Mr. Speaker, before I start my comments, I should clarify something. I think the member for Cape Breton—Canso was a little confused. I know that the member for Bruce—Grey—Owen Sound said that the class of 2000 was rather impressive. However, he also said, and this is where the misunderstanding comes in, that the class of 2004 was far superior. I want to get on the record that the class of 2004 was, in fact, the better of the two.
I am thankful for the chance to outline both the need for and the benefits of this legislation. I really relish the opportunity to demonstrate how our government is working to make a real difference in the lives of Canadians with disabilities by providing them with increased opportunities to participate fully in society. There is no better example of this than the disability tax credit promoters restriction act before us today.
In a nutshell, this legislation is about ensuring the fair and equitable treatment of people with disabilities when it comes to applying for the disability tax credit program. Bill C-462, as it is entitled, does so by making sure that a tax credit intended solely for people facing serious health challenges goes to those individuals and family members who care for them. It would restrict the fees charged by private sector promoters who would profit from their circumstances.
The act's objective is comparable to that of the Tax Rebate Discounting Act, which protects all Canadians filing tax returns from unscrupulous business operators. It places limits on how much a discounter can charge for a discounted income tax refund. However, Bill C-462 focuses specifically on the needs and interests of people with disabilities and their supporting family members who rely on this tax credit. It recognizes the impact of disability-related costs on an individual's ability to pay tax and it would lessen the tax burden. Its intent is to curb the practice of charging outrageously high fees for services offered by promoters who help such individuals to fill out a small part of the application form, which is just a very small part of the process.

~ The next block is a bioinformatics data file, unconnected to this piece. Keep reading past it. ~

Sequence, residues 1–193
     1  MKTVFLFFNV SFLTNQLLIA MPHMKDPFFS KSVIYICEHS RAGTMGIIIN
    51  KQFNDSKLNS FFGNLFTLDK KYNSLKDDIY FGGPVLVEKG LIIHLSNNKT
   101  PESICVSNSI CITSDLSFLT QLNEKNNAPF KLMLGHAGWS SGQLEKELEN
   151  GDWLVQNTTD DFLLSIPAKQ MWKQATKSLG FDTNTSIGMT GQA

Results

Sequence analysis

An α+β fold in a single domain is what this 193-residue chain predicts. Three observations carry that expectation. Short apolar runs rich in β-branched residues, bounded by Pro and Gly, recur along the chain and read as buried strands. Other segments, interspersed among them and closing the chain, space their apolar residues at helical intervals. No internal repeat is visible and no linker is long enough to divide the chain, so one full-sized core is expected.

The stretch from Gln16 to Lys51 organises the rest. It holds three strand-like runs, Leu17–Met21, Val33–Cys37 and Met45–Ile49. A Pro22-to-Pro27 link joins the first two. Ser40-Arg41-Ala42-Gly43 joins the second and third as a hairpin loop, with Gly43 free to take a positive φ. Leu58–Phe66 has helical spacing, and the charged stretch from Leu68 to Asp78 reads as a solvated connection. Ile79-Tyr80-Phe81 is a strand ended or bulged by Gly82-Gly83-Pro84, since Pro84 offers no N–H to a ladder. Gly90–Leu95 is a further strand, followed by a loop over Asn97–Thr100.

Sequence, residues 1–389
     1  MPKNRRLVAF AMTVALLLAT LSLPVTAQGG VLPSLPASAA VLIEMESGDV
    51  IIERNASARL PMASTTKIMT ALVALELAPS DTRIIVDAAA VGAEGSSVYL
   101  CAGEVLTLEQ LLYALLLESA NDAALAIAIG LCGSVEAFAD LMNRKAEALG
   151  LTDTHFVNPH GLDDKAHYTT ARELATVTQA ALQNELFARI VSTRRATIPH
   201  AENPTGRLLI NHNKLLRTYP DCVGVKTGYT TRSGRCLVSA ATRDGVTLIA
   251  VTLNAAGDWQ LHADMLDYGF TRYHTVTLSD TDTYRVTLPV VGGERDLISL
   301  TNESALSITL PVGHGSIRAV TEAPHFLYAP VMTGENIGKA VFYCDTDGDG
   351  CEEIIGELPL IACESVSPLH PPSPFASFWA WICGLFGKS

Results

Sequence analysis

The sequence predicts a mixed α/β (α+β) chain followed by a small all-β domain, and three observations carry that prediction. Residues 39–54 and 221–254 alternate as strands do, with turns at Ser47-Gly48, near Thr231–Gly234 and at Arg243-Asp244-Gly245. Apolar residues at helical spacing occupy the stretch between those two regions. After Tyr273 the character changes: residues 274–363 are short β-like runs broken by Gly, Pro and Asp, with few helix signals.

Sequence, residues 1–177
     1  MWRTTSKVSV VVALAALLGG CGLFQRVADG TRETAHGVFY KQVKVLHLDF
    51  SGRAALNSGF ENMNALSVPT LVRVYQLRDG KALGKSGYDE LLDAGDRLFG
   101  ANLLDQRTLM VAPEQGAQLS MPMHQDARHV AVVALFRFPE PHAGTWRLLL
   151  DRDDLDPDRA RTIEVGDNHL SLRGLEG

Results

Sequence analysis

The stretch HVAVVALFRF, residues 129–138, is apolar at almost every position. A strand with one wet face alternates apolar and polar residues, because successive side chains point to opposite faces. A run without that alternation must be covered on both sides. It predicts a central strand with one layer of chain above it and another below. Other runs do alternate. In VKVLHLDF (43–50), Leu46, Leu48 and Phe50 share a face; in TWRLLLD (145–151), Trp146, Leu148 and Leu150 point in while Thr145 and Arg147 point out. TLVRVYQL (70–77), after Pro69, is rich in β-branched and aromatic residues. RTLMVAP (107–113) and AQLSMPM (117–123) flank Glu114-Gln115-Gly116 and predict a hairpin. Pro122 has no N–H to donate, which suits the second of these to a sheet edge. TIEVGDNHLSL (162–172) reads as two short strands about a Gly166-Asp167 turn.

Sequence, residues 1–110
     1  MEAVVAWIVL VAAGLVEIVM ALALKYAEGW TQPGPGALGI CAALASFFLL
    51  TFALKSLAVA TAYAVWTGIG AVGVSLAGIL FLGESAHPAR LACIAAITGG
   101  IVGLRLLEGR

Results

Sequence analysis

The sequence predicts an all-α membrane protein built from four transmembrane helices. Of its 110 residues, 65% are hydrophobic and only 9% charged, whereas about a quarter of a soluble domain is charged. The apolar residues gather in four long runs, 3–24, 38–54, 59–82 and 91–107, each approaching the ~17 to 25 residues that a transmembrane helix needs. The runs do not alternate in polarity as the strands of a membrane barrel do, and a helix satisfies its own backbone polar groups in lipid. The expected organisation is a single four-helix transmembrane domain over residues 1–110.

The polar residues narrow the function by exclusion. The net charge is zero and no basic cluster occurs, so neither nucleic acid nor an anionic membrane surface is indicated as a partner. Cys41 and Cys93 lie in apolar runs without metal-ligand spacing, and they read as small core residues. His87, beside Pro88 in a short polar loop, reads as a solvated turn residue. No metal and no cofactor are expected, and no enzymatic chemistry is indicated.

Let me explain just how grave this problem is and why we must act.
The Canada Revenue Agency, the CRA, receives an average of about 200,000 applications for tax credits each year. Of this total, it is estimated that as many as 9,000 of these requests received from taxpayers use the service of disability tax credit promoters. One needs to appreciate that the Income Tax Act allows someone with a disability who meets the criteria to request a reassessment dating back 10 years when applying for the disability tax credit program. This means, of course, that if the individual claim is successful, someone with a disability could get an income tax refund as high as $10,000 or $15,000, or even higher. I have seen them higher than that.
While this is good news for people who need the financial support to help defray the cost of therapies, medications, and other supports for the basic activities of daily living, not all of this money necessarily ends up in the pockets of the people who have the disabilities. That is because some promoters charge contingency fees as high as 30% and 40% of the tax refund. Even a 30% fee means that a refund going back a decade could yield a promoter a cheque between $3,000 and $4,500 just for filling out a few lines on an application form. That money is intended for Canadians with disabilities and the family members who care for them, not tax promoters who fill out a simple form that requires little or no effort.
As several speakers have already noted, CRA provides a wide array of information and assistance related to the application and adjustment process for the disability tax credit program. CRA telephone agents can help to demystify the process and explain how the form needs to be filled out. As mentioned, many members of Parliaments' offices are also helpful.